Grit Bit & Growth Grid
Organic Semiconductors, & Molecular electronics, Acetate Applicator
Applied as a temporary tattoo, even these early 1st generation Grit Bits were able to provide context around learning goals, helping students become self-aware, adaptable learners.
The original Grit Bit tracked stress & mood, physical & social activity, and location. Detailed data were available only to the individual student, while a small amount of anonymous aggregate data were available to the university on an opt-in basis.
Student Growth Grids (displayed here on Apple iPads—early "tablet" computers) were used to set learning goals, place them in context, and set activity reminders; allowing students to reflect on the conditions contributing to their learning progress and to experiment with new ways to learn and live.
INSERT GRIT BIT GALLERY HERE
Digital interface snapshot showing learning goals and micro-courses
During the Calibration phase, every student had a personalized dashboard to set, track, and reflect upon their learning goals. Because the goal of Calibration was for each student to learn how they learn best, students were tasked with setting learning goals every week. These goals included mastery of specific skills, practice with different styles of learning, attempts at new solo and collaborative behaviors, as well as experience in occupational situations.
Shown here is a snapshot of one student’s Calibration dashboard from the week of May 1, 2025. Note she’s attempted each learning goal to some degree. Following the dashboard is the series of micro-courses she enrolled in to further attempt her learning goals. Each micro-course mapped to a specific goal.
Watch Calibration Dashboard Demo
Cognitive Biofeedback Mirror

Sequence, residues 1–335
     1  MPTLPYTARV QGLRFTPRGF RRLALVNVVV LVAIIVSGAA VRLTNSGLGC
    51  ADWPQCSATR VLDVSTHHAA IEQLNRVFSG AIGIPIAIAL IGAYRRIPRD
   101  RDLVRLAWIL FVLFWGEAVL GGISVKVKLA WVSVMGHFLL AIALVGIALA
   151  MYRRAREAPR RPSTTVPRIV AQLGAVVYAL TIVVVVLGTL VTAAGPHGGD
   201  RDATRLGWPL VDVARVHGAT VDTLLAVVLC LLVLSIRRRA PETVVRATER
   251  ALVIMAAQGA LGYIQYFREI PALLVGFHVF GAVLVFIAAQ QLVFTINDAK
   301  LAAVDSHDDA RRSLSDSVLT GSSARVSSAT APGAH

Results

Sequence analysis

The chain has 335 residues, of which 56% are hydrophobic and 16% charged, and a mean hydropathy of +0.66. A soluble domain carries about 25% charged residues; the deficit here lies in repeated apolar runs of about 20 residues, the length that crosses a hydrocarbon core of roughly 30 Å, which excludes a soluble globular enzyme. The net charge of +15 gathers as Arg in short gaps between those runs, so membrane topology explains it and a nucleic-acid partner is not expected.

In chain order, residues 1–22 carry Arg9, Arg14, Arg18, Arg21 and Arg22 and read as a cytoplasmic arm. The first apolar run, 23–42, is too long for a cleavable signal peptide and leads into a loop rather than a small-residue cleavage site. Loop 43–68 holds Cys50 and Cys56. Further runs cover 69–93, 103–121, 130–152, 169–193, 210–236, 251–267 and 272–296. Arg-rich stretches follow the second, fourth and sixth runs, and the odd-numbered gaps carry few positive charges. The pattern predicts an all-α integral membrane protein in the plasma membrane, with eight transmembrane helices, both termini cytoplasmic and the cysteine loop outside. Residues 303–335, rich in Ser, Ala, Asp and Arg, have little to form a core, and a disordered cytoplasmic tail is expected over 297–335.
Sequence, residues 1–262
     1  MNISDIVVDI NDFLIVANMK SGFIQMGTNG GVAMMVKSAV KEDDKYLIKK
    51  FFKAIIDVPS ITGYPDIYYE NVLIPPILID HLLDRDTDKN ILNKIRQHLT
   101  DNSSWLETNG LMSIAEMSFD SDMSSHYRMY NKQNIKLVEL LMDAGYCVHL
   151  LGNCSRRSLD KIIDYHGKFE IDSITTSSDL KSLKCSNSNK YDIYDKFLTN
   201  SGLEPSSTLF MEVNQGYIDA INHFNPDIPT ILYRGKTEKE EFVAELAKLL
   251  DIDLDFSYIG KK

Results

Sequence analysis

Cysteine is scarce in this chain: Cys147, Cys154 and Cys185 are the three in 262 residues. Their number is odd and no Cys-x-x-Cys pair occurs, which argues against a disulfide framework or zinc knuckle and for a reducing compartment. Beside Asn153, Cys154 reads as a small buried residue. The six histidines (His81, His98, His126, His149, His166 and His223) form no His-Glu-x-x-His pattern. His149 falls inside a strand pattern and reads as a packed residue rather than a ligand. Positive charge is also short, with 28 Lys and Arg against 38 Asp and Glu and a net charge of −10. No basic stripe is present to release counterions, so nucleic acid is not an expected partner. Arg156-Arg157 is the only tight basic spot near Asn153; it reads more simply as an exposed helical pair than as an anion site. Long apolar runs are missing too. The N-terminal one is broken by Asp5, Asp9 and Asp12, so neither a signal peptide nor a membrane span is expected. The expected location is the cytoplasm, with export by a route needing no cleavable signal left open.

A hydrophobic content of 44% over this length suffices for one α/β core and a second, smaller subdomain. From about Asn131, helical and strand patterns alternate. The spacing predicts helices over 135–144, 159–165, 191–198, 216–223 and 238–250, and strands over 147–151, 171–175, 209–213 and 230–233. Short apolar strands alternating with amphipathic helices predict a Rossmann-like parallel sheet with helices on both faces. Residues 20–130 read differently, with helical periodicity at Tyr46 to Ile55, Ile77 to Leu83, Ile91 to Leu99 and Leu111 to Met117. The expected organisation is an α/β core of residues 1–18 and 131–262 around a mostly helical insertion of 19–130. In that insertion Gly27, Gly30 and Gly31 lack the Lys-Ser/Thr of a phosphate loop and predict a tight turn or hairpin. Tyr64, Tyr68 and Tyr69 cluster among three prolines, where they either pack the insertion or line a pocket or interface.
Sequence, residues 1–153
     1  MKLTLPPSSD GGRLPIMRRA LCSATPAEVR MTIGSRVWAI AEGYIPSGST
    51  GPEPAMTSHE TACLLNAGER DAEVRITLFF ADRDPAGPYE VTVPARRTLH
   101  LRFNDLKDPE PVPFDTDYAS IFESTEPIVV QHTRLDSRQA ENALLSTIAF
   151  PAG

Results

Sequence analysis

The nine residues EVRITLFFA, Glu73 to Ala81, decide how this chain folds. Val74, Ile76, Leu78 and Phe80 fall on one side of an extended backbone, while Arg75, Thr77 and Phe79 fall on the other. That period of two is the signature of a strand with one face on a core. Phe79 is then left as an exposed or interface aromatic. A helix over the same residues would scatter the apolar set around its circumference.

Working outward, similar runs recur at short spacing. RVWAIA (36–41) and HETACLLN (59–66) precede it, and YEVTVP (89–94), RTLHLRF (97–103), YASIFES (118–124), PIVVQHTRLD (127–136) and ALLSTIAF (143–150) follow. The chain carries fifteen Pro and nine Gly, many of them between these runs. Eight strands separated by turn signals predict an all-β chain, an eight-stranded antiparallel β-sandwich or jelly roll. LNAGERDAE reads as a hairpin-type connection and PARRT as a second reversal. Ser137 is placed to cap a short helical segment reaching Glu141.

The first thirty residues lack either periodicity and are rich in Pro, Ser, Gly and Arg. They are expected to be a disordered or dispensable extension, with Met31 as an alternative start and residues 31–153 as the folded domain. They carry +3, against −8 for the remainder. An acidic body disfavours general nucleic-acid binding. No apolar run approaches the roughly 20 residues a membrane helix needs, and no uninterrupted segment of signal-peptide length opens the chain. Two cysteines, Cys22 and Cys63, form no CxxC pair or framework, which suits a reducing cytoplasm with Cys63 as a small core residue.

Human presence sensor, chemical barrier, digital readout
As students began to feel the benefits of Calibration via hyper-adaptive and responsive monitoring devices like the Grit Bit and Calibration Dashboard, numerous startups sprang up in the nascent domain. The Cognitive Biofeedback Mirror, often nicknamed the “Hormone Mirror,” was the flagship product of one such company led by early 21st century student Jesse Day.
The hormone mirror was an early attempt at modern bio-mnemonic calibration. After selecting their academic courses and extra-curricular engagements, students would periodically check in with the hormone mirror to determine if any changes needed to be made to optimize mental, emotional, and physical well being.
The hormone mirror was first implemented at Stanford in 2020, after it was found that the cortisol (stress hormone) level was so high in the undergraduate population that it was inhibiting the function not only of serotonin (happiness hormone) but also of dopamine (reward hormone), which is a key indicator of learning.
Selecting A Personal Board of Advisors
Recovered time capsule photograph
The transition moment between one’s Calibration and Elevation phase was characterized by a famed experience, fondly referred to as “The Meeting,” with one’s Personal Board of Advisors. It was the collective decision of the group whether the student had self-calibrated and was prepared to move into a phase of deep focus in Elevation.
This photograph was recovered from the time capsule of the first group to pilot the Personal Board of Advisors. A new concept at the time, this group of mentors, coaches and confidantes was designed to provoke, challenge and celebrate the student in his or her learning journey.
New Spaces for Living and Learning
Digital diorama of phase-specific living and learning quarters
When Stanford transitioned to Paced Education and formatted its educational experience into 3 distinct phases of Calibration, Elevation, and Activation, it also rebuilt and repurposed the space on campus.
The images here depict spaces that were tailored to the distinct needs of students and faculty in each phase. Stanford became known for pioneering elegant and innovative new architectural designs that were mode-specific.